Odd Thomas 


(2013)

Dean Koontz’s series of Odd Thomas novels now numbers six. I stopped reading after book four because an initially good concept had grown patently awful, succumbing to the law of diminishing returns. By contrast, Stephen Sommers’ film adaptation, a would-be franchise-starter itself, never gets the chance to  devolve into tedium; it is that from the start.

Brought to mild-mannered life by Anton Yelchin (Star Trek Into Darkness), Odd is a fry cook whose gifts extend beyond slinging hash: He sees dead people.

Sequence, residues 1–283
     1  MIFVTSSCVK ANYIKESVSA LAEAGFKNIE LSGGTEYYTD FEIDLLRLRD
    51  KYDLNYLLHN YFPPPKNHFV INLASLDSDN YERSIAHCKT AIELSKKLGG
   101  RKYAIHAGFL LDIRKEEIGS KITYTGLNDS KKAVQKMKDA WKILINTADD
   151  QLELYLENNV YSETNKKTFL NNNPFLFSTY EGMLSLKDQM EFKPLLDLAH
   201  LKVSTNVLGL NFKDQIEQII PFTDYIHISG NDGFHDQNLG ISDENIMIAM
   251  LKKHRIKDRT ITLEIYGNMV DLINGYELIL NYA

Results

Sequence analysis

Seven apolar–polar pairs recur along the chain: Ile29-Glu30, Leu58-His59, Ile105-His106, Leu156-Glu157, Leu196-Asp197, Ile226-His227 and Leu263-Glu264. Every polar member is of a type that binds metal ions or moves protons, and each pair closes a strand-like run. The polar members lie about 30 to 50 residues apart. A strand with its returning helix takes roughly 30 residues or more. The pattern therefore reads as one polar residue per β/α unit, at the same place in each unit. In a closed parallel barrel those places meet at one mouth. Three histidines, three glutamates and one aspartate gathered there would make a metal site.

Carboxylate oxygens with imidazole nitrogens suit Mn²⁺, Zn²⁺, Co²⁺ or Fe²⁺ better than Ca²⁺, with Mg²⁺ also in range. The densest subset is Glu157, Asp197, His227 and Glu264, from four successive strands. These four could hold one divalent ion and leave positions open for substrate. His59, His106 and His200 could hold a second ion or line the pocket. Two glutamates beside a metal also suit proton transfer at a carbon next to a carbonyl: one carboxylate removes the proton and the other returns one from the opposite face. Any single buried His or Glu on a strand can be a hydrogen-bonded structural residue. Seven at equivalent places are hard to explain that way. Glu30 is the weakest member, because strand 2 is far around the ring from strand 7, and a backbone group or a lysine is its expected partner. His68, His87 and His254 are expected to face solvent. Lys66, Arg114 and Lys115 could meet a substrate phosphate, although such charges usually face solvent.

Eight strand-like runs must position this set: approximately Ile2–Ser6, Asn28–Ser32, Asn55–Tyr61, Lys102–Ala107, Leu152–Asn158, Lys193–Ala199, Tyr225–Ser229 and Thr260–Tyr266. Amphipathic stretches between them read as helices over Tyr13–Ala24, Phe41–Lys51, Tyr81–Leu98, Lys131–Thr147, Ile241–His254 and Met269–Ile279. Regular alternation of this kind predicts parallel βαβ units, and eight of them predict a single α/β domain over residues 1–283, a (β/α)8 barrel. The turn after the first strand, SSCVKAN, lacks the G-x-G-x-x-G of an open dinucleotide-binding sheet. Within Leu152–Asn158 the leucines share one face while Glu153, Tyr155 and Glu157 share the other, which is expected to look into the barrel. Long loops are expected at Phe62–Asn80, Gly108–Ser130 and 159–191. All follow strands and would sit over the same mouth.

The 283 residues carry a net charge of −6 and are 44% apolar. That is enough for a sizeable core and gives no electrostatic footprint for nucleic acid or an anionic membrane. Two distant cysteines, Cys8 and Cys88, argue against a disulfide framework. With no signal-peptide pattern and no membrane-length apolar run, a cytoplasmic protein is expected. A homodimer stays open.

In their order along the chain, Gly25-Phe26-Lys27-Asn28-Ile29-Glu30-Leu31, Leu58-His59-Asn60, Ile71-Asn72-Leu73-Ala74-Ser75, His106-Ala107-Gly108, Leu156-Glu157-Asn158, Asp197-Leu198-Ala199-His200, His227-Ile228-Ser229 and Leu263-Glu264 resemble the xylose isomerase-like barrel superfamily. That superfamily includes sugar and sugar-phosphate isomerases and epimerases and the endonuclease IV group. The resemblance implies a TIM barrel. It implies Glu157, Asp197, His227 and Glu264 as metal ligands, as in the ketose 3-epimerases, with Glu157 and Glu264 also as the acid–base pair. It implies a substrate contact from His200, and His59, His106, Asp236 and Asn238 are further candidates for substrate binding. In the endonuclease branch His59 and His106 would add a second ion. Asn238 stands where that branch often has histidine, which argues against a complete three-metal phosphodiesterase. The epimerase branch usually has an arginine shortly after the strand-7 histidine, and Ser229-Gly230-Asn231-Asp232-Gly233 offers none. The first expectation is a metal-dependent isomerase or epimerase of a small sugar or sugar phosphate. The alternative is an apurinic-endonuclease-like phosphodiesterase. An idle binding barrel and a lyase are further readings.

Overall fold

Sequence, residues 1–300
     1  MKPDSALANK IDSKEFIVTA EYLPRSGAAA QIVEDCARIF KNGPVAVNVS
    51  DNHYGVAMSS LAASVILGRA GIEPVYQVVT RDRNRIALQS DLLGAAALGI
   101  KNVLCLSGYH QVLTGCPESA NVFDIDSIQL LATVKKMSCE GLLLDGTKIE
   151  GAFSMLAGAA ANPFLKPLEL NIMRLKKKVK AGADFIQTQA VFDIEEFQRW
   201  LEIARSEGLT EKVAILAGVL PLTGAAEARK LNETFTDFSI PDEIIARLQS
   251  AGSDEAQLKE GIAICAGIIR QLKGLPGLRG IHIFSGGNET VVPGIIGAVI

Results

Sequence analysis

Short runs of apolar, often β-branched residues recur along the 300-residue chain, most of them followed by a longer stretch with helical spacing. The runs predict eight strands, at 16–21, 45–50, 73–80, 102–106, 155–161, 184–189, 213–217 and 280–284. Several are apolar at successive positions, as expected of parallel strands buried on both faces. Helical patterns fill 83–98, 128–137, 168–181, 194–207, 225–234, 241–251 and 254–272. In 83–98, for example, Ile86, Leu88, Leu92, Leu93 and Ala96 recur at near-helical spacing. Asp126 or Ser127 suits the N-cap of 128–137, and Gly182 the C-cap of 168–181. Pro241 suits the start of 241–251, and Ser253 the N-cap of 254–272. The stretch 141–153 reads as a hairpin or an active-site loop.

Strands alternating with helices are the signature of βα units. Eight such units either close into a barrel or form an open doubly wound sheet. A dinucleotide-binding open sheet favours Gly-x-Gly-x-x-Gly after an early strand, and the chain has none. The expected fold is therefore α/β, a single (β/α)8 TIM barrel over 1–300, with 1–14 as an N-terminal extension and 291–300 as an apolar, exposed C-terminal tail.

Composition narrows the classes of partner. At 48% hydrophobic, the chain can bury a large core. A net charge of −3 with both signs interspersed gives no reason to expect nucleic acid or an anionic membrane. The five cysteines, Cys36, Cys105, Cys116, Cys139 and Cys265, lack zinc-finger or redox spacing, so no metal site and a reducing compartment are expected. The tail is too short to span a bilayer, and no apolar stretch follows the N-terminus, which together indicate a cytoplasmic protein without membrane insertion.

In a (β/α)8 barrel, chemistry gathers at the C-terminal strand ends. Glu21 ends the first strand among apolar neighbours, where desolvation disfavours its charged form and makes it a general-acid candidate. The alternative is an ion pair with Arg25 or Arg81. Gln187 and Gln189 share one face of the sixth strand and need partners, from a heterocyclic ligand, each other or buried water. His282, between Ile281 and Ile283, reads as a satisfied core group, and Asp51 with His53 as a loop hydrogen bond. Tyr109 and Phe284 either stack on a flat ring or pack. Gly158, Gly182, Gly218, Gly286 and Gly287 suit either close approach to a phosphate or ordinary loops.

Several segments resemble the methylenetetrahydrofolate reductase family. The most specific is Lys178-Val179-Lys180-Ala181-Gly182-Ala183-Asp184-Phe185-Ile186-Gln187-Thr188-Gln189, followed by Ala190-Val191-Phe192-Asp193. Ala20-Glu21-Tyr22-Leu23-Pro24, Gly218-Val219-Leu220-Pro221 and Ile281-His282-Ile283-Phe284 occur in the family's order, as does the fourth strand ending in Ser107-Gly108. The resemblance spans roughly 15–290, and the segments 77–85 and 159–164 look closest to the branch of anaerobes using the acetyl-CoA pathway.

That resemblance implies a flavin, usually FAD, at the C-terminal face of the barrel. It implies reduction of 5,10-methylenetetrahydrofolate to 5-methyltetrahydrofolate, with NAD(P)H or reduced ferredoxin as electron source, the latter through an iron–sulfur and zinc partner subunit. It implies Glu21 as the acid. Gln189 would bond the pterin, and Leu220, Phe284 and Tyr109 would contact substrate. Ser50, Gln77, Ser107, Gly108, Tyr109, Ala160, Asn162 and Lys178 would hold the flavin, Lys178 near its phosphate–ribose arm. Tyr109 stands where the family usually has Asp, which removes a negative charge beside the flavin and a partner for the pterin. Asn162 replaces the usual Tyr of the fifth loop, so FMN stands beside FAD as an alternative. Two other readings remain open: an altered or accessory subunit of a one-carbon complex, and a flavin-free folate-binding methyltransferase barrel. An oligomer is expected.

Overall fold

“But then, by God,” he tells viewers via narration, “I do something about it.” That something is communicating with ghosts of the departed to catch their killers. Odd also knows who’s doomed for this world; he can see the wispy “bodachs” surrounding the soon-to-be-dead.

Thus begins a supernatural, potential career-killer for Sommers, who may wish he hadn’t abandoned those Mummy and G.I. Joe tentpoles he staked. Tonally, Odd Thomas is a janitorial mess for which there isn’t a strongenough mop, and it’s tough to root for Odd and his girlfriend (Addison Timlin, Stand Up Guys) when their relationship is built upon YA-ready dialogue that nauseates the audience. Unlike rival Stephen King, Koontz just can’t win at the movies. — Rod Lott

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